By PAULA OLIVER
Perched on a chair in his hotel suite, the Dalai Lama leaned forward to explain what it would take for him to return to Tibet.
"If the Chinese Government is seriously thinking about the real situation, and of new ways forward with Tibetan problems, then my time has come," he said, his eyes lighting up.
"I can help. Because I am quite popular among Tibetans."
The effervescent 66-year-old, clad in traditional robes, then broke into high-pitched laughter as he realised he had somewhat understated his popularity.
The spiritual leader of Tibet fled his home country at the age of 23 after the Chinese Army invaded. He has since lived in exile in India.
Yesterday, he was able to comfortably traverse a range of hot topics during a half-hour interview with the Herald.
He exuded calm, and his characteristic smile and giggle made regular appearances.
His surroundings, a suite in one of Wellington's top hotels, included a special posy of his favourite flower, the delphinium.
He used to grow them in Tibet, he explained. But they don't grow so well in India.
"In Tibet, grow very good. In soil, they get bigger and bigger. And now in Dharamsala [the Tibetan refugee community in India] hopeless," he said. "Roots always rotten. So hopeless."
Asked what he misses about his home country, he mentions the flower and the climate. "In India, too hot. Sometimes I miss my cool climate," he said, smiling.
The Dalai Lama spoke forcefully only once - when asked about hostilities between India and neighbouring Pakistan.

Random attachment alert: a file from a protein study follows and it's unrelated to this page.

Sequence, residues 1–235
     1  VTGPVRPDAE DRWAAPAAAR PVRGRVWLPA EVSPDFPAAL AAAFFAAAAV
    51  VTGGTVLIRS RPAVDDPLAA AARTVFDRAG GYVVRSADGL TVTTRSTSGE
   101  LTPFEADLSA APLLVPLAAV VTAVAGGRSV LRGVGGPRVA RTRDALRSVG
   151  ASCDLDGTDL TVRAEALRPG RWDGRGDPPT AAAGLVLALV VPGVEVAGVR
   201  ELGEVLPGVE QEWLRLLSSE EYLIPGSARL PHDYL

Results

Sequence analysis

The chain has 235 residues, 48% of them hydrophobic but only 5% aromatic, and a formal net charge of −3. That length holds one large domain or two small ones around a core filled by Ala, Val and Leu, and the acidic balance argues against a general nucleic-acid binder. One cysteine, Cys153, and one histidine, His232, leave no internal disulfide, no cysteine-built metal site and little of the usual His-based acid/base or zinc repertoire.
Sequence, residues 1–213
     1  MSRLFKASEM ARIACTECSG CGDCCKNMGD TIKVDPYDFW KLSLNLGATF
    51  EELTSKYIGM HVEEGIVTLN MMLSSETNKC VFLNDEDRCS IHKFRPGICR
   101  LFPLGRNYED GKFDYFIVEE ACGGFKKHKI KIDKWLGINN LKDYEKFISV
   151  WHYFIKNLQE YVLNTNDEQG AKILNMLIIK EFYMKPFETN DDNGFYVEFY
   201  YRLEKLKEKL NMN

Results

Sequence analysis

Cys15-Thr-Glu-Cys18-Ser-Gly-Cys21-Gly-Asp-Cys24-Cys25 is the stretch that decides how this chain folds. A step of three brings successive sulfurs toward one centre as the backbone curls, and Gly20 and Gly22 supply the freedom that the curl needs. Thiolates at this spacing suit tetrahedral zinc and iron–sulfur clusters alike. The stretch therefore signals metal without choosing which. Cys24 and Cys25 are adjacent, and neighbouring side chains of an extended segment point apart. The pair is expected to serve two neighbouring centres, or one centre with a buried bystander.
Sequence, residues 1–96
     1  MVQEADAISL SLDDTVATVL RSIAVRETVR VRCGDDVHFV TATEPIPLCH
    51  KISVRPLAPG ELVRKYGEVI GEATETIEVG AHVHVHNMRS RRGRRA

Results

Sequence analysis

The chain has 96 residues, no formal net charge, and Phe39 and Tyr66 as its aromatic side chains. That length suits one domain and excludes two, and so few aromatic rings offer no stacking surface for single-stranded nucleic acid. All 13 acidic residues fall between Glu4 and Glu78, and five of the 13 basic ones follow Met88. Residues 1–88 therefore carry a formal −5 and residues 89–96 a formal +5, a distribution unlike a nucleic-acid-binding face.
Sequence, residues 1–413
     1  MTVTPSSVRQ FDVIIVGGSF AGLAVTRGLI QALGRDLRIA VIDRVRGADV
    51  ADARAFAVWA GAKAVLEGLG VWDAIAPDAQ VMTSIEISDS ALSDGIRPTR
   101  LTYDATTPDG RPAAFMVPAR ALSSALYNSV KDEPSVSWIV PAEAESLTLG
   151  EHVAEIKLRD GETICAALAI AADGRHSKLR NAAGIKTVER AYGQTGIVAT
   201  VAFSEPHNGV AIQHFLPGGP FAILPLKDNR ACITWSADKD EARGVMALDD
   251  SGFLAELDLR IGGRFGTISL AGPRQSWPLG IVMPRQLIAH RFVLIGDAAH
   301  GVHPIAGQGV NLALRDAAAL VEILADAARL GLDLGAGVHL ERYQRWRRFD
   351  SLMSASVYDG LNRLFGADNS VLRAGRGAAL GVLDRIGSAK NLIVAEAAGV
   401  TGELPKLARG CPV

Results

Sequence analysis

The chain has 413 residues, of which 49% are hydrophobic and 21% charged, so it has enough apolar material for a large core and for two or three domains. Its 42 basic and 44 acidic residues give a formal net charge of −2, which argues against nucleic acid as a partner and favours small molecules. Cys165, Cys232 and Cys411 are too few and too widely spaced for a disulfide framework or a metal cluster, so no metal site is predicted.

Stressing that many of the world's conflicts could be avoided if people had acted earlier, he said more prayer was needed.
"The New York event [the September 11 atrocities], and Bosnia, these problems certainly have not developed within a few days. Some go back through generations.
"If nobody gives it sufficient attention early, then these feelings of hatred grow year by year. When the opportunity comes, they explode," he said, waving his arms.
He was concerned about the situation between India and Pakistan. "There are 100,000 Tibetans living in India. India is our second home."
The Dalai Lama yesterday met Deputy Prime Minister Jim Anderton and Foreign Minister Phil Goff at the Beehive.
He later sat in Parliament's public gallery and watched question time.
Asked if he was upset that the Australian Government refused to meet him, the Dalai Lama said he did not have a particular point to discuss with the leaders.
"If I have some point to discuss, and then the meeting not take place, then certainly I will be disappointed."
For now he is just happy to be visiting New Zealand.
"Very beautiful, very clean," he said - with another grin.
By PAULA OLIVER